She was right. Not only was it time to cancel my credit card and change all of my passwords, it was time to start treating the help better. It went against my basic nature, but there it was.

I looked over at my assistant, who had backed up against the wall so hard it looked like she would disappear into the flowered wallpaper. Although it choked me to say it, I said:

“It’s not your fault, my dear, so put it out of your mind. It is my problem and I have to solve it by myself. Please sit down on the divan, you look like you’re going to faint.”

“You’re—you’re not going to scream at me? Throw anything at me? Push me over?” There was disbelief in her tone.

I forced a smile. “No, there won’t be any of that any more. I’ve had a warning…somewhat like Marley’s ghost, only shapelier. Why don’t you take the rest of the day off? It will take me forever to straighten out this mess.”

After my assistant had left, I pondered what Lana had told me. It had indeed come to pass…it was the Jean Louis that hurt the most.

And, in all candor, my assistant was wearing a hideous ersatz 1970s chartreuse print dress from Strawberry, and I was deeply grateful that I did not have to look at it for the rest of the day.

But even worse was to come…at “Ebay In Person”.

Ciao,
Elisa & Bucky the Wonderdog

Lana Turner Gives Me A Warning…

DAHLINGS –

Let me tell you a story.

A few nights ago, I was lying abed, in my usual wisp of chiffon, a scented candle made by Sarah Jessica Parker burning near the bed. Bucky was in his little dog bed, making soft woofing noises, presumably chasing a one-foot-high Andre Leon Talley in his dreams. I was in that mystic state between sleep and waking.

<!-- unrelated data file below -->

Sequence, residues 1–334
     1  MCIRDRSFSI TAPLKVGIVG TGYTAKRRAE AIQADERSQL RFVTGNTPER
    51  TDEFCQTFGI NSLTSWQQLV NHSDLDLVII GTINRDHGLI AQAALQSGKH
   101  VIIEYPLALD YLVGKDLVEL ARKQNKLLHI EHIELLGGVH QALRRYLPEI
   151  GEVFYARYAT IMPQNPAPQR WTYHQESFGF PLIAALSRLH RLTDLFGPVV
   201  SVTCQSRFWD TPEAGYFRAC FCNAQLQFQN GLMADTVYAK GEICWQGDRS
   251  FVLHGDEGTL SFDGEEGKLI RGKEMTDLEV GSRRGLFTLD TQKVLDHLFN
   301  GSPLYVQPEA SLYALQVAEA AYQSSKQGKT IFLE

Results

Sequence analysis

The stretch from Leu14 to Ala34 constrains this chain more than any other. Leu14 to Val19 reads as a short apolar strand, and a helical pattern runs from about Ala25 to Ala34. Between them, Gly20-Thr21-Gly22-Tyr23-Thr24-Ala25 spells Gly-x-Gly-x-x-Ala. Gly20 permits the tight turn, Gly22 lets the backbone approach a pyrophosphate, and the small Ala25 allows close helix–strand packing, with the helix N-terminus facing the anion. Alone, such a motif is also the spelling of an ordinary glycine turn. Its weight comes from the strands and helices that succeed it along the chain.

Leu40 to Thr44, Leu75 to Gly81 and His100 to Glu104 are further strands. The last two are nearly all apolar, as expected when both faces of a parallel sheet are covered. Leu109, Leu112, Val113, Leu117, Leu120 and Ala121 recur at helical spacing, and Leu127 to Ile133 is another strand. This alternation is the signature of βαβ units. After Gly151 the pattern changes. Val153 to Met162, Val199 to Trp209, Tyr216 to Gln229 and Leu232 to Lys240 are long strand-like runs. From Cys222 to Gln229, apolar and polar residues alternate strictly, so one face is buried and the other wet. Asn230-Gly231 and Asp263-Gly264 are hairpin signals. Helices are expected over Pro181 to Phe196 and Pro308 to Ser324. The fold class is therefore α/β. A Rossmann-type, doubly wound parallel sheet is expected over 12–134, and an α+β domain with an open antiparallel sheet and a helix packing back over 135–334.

And then I heard someone softly calling my name. Thinking my assistant had locked herself in the armoire or some such, my eyes snapped open and I said, “WHAT DO YOU WANT?”

Standing before me, as beautiful as ever, was my dear dead friend Lana Turner!

She was in her spangled costume from “Dancing Co-Ed,” back in her red-haired days, and gazing at me with a disapproving smile on her lovely young face.

“Lana, dahling! How nice to see you, and without even a medium around!” I cried, sitting up. Bucky looked up, blinked, and went back to sleep. Dogs are overly pragmatic sometimes, if you ask moi.

“Oh, honey, I had to come. I’ve been watching you for a while.”

Moi? Whatever for?”

Lana hesitated, and then said, “The way you treat your help. I mean, when I was alive I was plenty temperamental, and I fired my fair share of folks. But youyou’ve got to slow down! Soon you’ll simply run out of hired help! Even prisoners on work release wouldn’t work for you.”